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  • Author: Mai-Lis Hellénius x
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Ing-Mari Dohrn, Maria Hagströmer, Mai-Lis Hellénius and Agneta Ståhle

Aim:

To describe objectively-measured physical activity levels and patterns among community-dwelling older adults with osteoporosis, impaired balance, and fear of falling, and to explore the associations with gait, balance performance, falls self-efficacy, and health-related quality of life (HRQoL).

Methods:

Ninety-four individuals (75.6 ± 5.4 years) were included. Physical activity was assessed with pedometers and accelerometers. Mean steps/day, dichotomized into < 5,000 or = 5,000 steps/day, and time spent in different physical activity intensities were analyzed. Gait was assessed with a GAITRite walkway, balance performance was assessed with the modified figure-eight test and oneleg stance, falls self-efficacy was assessed with the Falls Efficacy Scale International, and HRQoL was assessed with Short Form-36.

Results:

Mean steps/day were 6,201 (991–17,156) and 40% reported < 5,000 steps/day. Participants with < 5,000 steps/day spent more time sedentary, had slower gait speed, poorer balance performance, and lower HRQoL than participants with ≥ 5,000 steps/day. No participants with < 5,000 met the recommended level of physical activity.

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Lena Viktoria Kallings, Matti E. Leijon, Jan Kowalski, Mai-Lis Hellénius and Agneta Ståhle

Background:

Physical activity on prescription, as a method for increasing physical activity, has attracted attention in recent years. However, few studies have examined adherence as a primary outcome variable. The aim of this article was to examine self-reported adherence to individualized prescribed physical activity in a routine primary health care setting.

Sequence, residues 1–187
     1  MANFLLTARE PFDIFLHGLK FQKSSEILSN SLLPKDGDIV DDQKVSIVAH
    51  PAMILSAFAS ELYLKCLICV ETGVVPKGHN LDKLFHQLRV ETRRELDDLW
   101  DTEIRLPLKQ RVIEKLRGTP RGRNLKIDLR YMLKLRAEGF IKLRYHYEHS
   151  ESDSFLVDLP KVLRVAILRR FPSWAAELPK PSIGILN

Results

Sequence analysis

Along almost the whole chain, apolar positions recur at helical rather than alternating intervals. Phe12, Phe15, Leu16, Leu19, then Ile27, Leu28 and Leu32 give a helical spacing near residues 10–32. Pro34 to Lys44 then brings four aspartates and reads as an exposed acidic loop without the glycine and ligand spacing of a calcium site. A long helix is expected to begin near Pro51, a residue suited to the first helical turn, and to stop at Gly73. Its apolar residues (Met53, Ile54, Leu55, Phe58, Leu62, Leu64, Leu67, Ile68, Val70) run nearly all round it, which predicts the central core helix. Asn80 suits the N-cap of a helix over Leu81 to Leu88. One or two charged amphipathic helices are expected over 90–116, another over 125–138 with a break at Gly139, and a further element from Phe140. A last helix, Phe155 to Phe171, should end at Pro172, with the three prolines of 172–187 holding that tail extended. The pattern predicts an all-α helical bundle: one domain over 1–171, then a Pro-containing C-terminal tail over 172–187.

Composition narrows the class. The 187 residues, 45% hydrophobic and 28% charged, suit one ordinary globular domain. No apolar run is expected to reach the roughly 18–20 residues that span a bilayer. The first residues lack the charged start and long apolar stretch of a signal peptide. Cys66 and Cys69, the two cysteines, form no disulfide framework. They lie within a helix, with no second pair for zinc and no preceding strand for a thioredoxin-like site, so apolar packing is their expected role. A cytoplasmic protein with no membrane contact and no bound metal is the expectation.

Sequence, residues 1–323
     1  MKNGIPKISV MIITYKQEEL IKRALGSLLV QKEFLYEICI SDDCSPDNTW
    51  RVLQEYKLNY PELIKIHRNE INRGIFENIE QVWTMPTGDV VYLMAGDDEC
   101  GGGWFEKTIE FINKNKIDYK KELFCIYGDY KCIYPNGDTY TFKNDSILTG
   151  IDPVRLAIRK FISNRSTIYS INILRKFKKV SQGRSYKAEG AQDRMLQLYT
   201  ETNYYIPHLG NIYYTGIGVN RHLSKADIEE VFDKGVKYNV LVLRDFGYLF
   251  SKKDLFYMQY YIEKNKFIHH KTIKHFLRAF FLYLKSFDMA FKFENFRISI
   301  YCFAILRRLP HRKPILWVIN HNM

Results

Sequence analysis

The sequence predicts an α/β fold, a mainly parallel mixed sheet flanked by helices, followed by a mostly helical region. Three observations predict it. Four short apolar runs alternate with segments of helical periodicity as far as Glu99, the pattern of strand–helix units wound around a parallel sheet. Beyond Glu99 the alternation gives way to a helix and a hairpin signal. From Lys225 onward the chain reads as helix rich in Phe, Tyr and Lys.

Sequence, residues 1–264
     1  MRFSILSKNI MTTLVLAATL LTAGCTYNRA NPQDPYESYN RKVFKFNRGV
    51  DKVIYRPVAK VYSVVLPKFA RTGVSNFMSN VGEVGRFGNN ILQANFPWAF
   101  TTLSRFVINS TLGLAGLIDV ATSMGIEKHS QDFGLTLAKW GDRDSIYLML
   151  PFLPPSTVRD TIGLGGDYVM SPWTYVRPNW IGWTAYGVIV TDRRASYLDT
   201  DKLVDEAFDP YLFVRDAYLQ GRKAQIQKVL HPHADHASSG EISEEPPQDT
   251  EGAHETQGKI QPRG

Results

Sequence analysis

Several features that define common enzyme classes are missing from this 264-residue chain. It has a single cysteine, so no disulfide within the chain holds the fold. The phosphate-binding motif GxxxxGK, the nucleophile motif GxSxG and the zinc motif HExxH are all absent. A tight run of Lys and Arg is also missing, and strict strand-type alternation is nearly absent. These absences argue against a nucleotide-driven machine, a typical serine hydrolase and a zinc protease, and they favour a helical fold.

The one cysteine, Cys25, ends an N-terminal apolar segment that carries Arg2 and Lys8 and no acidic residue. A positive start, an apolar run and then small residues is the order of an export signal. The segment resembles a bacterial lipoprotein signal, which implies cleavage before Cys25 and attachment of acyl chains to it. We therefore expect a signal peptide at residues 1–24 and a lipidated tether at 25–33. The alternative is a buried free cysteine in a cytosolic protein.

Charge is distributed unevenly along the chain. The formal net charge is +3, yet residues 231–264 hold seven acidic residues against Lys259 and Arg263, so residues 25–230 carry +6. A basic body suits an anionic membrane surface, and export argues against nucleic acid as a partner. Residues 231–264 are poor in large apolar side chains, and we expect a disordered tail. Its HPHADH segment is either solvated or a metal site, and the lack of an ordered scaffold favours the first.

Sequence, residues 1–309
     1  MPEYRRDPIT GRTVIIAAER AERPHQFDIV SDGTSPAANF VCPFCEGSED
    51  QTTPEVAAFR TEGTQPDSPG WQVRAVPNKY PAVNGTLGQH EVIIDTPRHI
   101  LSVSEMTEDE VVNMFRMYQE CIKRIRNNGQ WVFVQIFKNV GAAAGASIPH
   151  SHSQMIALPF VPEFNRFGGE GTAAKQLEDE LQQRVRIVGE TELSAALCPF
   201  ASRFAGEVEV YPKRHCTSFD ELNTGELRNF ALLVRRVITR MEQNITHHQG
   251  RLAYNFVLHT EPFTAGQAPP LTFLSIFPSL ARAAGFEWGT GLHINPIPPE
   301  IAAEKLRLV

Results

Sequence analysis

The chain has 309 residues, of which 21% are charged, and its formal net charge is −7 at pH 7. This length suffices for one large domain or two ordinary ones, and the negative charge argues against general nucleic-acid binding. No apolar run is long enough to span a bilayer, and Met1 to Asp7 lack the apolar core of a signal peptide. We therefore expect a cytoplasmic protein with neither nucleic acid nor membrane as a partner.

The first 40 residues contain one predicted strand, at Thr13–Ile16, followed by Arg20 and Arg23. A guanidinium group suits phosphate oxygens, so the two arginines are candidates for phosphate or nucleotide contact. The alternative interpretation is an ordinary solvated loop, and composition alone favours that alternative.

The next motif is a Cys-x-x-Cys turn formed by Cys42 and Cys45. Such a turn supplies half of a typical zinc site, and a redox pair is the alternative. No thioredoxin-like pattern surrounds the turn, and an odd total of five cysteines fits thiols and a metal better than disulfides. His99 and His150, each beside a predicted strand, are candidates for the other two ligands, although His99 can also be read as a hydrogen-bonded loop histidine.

Methods:

Patients receiving an individualized physical activity on prescription (FaR) for prevention or treatment of disease were recruited from 13 Swedish primary health care units. Self-reported adherence, physical activity level, readiness to change to a more physically active lifestyle, and well-being were measured with questions at baseline and after 6 months in 240 patients (mean age 51, range 12 to 80, 75% women).

Results:

At the 6-month follow-up a majority (65%) of the patients reported adherence to the prescription. Partial adherence was reported by 19% and nonadherence by 16%. There was a relationship between adherence and well-being and stages of action or maintenance.

Conclusions:

The results demonstrate that adherence to physical activity on prescription is as good as adherence to other treatments for chronic diseases. This is significant because even a small increase in physical activity is important both on an individual level and for public health.